The trip to Delaware was only supposed to last a day. David Pokora, a bespectacled University of Toronto senior with scraggly blond hair down to his shoulders, needed to travel south to fetch a bumper that he’d bought for his souped-up Volks­wagen Golf R.

The American seller had balked at shipping to Canada, so Pokora arranged to have the part sent to a buddy, Justin May, who lived in Wilmington. The young men, both ardent gamers, shared a fascination with the inner workings of the Xbox; though they’d been chatting and collaborating for years, they’d never met in person. Pokora planned to make the eight-hour drive on a Friday, grab a leisurely dinner with May, then haul the metallic-blue bumper back home to Mississauga, Ontario, that night or early the next morning. His father offered to tag along so they could take turns behind the wheel of the family’s Jetta.

An hour into their journey on March 28, 2014, the Pokoras crossed the Lewiston–Queenston Bridge and hit the border checkpoint on the eastern side of the Niagara Gorge. An American customs agent gently quizzed them about their itinerary as he scanned their passports in his booth. He seemed ready to wave the Jetta through when something on his monitor caught his eye.

“What’s … Xenon?” the agent asked, stumbling over the pronunciation of the word.

David, who was in the passenger seat, was startled by the question. Xenon was one of his online aliases, a pseudonym he often used—along with Xenomega and DeToX—when playing Halo or discussing his Xbox hacking projects with fellow programmers. Why would that nickname, familiar to only a handful of gaming fanatics, pop up when his passport was checked?

Pokora’s puzzlement lasted a few moments before he remembered that he’d named his one-man corporation Xenon Development Studios; the business processed payments for the Xbox service he operated that gave monthly subscribers the ability to unlock achievements or skip levels in more than 100 different games. He mentioned the company to the customs agent, making sure to emphasize that it was legally registered. The agent instructed the Pokoras to sit tight for just a minute longer.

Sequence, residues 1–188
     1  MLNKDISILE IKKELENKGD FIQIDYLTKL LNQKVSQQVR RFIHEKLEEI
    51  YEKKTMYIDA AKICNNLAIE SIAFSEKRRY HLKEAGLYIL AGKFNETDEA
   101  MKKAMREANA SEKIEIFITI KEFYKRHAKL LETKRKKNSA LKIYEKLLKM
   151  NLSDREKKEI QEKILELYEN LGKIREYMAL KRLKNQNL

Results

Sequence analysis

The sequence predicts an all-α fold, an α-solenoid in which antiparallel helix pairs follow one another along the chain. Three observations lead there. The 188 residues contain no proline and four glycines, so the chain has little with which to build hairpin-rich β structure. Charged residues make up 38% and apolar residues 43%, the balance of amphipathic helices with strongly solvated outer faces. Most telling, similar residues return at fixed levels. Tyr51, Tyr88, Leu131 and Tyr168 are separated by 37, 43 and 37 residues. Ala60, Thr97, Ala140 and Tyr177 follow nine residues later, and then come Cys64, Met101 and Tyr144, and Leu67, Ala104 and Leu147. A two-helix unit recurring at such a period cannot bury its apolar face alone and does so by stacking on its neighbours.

As he and his father waited for permission to enter western New York, David detected a flutter of motion behind the idling Jetta. He glanced back and saw two men in dark uniforms approaching the car, one on either side. “Something’s wrong,” his father said, an instant before a figure appeared outside the passenger-­side window. As a voice barked at him to step out of the vehicle, Pokora realized he’d walked into a trap.

Read the rest of this article at: Wired

‘There Is No Such Thing As Past Or Future’: Physicist Carlo Rovelli On Changing How We Think About Time

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What do we know about time? Language tells us that it “passes”, it moves like a great river, inexorably dragging us with it, and, in the end, washes us up on its shore while it continues, unstoppable. Time flows. It moves ever forwards. Or does it? Poets also tell us that time stumbles or creeps or slows or even, at times, seems to stop. They tell us that the past might be inescapable, immanent in objects or people or landscapes. When Juliet is waiting for Romeo, time passes sluggishly: she longs for Phaethon to take the reins of the Sun’s chariot, since he would whip up the horses and “bring in cloudy night immediately”. When we wake from a vivid dream we are dimly aware that the sense of time we have just experienced is illusory.

Carlo Rovelli is an Italian theoretical physicist who wants to make the uninitiated grasp the excitement of his field. His book Seven Brief Lessons on Physics, with its concise, sparkling essays on subjects such as black holes and quanta, has sold 1.3m copies worldwide. Now comes The Order of Time, a dizzying, poetic work in which I found myself abandoning everything I thought I knew about time – certainly the idea that it “flows”, and even that it exists at all, in any profound sense.

We meet outside the church of San Petronio in Bologna, where Rovelli studied. (“I like to say that, just like Copernicus, I was an undergraduate at Bologna and a graduate at Padua,” he jokes.) A cheery, compact fellow in his early 60s, Rovelli is in nostalgic mood. He lives in Marseille, where, since 2010, he has run the quantum gravity group at the Centre de physique théorique. Before that, he was in the US, at the University of Pittsburgh, for a decade.

Read the rest of this article at: The Guardian